The spice of good exploring...

Conjuring new ideas...

Sunday, May 20, 2012

Teaching and Learning in Virtual Worlds

Jumping rooftops again in SL...

Ramping up a class called Teaching and Learning in Virtual Worlds at Marlboro College.

This marks my third of three trimesters at Marlboro, the Capstone...and it's going to be a busy one. Teaching four classes, coaching a Varsity sport (baseball), and conjuring on through a Masters degree program have kept me busy. Going to be a busy couple of months!

The first section of this Virtual class has folks exploring Second Life (SL). I dove into SL back in '06. By SL accounts, that puts me out as an old timer! Over the last two years I haven't been in SL much at all. As I've prowled around a bit again, the SL world has changed a lot... mesh avatars, new scripting... 'SL time,' as folks say in world, moves very fast.

I'll be working in the course with a great group of folks and will be posting some updates and reflections here as I go.

Jumping rooftops again in SL...


Sunday, April 22, 2012


If at first you don't succeed...

I've received notice that I've landed a sabbatical! It's a humbling honor to receive such news. The sabbatical allows me to take a paid semester off with some travel money... an incredible opportunity provided by some visionary thinkers, Barry and Wendy Rowland, who support our school.

The plan will take me to many locations in the world to look at some of the best practices in education. I'll look to chat with visionary leaders at these institutions and explore their visions of school climate and culture... the future of what 'school' can be. This adventure will take me to many places throughout the United States, to Germany, Italy, Canada. Here are a few on my list to visit:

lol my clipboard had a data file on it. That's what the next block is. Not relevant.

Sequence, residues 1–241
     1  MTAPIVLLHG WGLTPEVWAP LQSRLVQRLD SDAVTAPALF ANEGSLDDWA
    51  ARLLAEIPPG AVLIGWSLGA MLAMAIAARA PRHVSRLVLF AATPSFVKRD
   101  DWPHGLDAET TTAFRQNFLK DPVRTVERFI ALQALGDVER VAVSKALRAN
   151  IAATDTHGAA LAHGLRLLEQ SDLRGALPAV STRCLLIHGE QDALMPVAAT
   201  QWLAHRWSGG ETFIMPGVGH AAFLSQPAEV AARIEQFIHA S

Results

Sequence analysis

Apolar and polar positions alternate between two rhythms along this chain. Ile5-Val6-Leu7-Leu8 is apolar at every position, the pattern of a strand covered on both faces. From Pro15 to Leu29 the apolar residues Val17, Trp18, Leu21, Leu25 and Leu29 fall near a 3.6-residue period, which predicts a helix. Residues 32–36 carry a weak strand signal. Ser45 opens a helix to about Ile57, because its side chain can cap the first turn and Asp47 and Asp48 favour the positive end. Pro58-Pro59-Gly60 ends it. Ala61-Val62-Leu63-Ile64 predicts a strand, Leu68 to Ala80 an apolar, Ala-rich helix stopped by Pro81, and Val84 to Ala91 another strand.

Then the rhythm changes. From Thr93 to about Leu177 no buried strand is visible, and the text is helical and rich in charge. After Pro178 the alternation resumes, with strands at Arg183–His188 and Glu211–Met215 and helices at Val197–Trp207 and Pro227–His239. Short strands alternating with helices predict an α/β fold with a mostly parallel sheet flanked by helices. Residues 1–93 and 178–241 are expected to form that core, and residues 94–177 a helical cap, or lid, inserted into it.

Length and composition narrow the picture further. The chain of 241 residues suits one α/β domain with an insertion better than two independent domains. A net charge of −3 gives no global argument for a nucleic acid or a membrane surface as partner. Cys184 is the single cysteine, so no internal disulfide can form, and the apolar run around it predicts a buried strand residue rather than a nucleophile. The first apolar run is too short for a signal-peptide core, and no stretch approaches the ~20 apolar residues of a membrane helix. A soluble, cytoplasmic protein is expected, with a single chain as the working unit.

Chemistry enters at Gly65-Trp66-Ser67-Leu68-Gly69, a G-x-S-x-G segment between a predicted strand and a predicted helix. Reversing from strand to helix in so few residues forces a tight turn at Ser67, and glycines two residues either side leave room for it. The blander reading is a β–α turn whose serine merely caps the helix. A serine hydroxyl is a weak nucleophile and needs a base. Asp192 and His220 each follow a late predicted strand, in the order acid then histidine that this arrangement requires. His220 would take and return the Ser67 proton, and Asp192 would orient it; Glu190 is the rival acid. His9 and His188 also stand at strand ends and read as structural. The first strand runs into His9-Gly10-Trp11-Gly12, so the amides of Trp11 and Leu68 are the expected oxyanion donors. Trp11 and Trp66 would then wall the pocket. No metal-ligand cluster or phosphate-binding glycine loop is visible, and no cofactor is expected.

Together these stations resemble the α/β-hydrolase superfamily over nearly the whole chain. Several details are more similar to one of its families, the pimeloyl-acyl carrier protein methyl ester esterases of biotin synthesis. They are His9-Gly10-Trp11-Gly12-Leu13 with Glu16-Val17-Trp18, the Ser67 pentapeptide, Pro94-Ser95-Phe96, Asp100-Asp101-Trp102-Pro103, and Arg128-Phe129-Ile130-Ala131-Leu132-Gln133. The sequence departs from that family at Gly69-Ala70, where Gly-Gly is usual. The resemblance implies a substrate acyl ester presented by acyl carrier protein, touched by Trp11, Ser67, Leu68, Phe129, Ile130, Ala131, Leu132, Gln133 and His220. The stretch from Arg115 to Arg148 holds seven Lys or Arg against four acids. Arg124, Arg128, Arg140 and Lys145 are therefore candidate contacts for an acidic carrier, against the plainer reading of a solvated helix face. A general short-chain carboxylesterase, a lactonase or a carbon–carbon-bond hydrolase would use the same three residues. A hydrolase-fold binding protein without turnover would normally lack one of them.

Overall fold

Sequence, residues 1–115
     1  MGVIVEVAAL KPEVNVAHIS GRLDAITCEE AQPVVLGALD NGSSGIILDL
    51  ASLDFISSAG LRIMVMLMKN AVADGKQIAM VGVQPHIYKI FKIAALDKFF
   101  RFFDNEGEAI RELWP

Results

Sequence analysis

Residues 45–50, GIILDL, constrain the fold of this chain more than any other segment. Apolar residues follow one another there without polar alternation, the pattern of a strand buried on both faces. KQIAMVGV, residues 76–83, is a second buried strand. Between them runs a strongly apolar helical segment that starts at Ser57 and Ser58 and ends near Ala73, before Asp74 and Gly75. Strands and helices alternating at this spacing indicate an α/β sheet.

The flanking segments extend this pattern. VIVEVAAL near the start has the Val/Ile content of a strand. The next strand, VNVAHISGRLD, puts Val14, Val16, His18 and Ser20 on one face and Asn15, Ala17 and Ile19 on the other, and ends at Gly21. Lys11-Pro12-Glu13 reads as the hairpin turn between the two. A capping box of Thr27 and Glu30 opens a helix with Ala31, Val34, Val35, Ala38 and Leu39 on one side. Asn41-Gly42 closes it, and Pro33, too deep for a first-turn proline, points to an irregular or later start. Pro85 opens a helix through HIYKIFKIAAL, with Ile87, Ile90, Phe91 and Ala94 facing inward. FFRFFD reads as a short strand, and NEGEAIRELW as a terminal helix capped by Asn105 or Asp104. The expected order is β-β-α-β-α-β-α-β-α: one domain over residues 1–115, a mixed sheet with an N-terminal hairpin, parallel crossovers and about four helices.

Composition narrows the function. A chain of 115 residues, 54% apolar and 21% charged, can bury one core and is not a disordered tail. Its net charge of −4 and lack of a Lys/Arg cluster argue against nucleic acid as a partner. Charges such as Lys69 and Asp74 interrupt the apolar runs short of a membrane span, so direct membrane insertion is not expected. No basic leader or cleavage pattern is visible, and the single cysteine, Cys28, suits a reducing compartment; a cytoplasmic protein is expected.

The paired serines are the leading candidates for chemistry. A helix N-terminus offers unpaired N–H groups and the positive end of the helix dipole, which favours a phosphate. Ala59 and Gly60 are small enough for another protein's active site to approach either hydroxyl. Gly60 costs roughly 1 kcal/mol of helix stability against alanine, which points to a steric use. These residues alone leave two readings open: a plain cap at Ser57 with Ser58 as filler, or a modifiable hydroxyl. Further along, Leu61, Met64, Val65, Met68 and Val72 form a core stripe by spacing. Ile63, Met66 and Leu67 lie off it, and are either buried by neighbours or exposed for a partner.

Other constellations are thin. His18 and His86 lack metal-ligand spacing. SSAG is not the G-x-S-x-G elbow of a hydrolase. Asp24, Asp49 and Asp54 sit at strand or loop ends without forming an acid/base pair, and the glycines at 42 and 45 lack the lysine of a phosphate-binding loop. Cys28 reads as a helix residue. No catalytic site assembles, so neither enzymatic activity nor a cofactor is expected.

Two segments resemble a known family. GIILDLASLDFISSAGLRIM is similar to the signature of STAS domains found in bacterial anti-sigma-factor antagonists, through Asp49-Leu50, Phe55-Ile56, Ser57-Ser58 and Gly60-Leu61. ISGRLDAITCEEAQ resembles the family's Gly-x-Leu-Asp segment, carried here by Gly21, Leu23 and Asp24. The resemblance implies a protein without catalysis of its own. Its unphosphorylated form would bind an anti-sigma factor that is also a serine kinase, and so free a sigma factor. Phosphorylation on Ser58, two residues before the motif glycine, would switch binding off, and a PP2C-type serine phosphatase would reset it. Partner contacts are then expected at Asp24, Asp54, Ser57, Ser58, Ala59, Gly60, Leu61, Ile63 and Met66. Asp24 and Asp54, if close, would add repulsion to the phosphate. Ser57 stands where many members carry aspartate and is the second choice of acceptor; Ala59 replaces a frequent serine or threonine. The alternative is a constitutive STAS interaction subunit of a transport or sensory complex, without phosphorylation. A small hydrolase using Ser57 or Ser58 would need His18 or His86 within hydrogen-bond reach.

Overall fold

Boston Arts Academy, MA
Urban Academy, NY
iSchool, NY
Calhoun School, NY
Science Leadership Academy, PA
Olin College of Engineering, MA
MIT Media Lab, MA
Harvard TIE program, MA
High Tech High, CA
High School for Recording Arts, MN
University of Oregon, OR
University of Regina, Canada

Three schools in Germany and Reggio Emilia, Italy and...

The Educon and the TED Conference.

There's a long list of people I hope to chat with as well. More on that later!

The work in the semester sabbatical will certainly run over... perhaps for a lifetime ; )

What are the best practices out there? How are the folks in these places redefining 'school?' What are these innovative places in education doing now and where are they headed? Refitting our concepts of what education could be... is going to be a fun place explore in this fashion.

I've got a head start... the data from 21 Tech Research classes over seven years where we've looked at how we could refit education based on student needs. I've read boatloads on the subject, and have countless interactions with folks from other conferences and chats to build upon and draw from too.

The semester long sabbatical will take place next school year. My hope is to stir up many conversations online and in person before, during, and after.

It'll be a wild ride... and I'm looking forward to the journey and all the collaboration.

Who knows where it all might lead.

Planning is underway. 


Monday, February 6, 2012

The Next Step

Was parsing through listserv discussions on State Tech Plans... and saw a post on Twitter from Tony Baldasaro (who I had the privilege to meet at Educon)...

Which led me to this post...

Which led me to this slideshow...

We're on to something in the rLab. Students taking on their own immersive, explorative projects and linking their work into...

  • design
  • research
  • public speaking
  • communication
  • collaboration
  • technology skills: video, audio, web, design, communication...
  • developing a PLN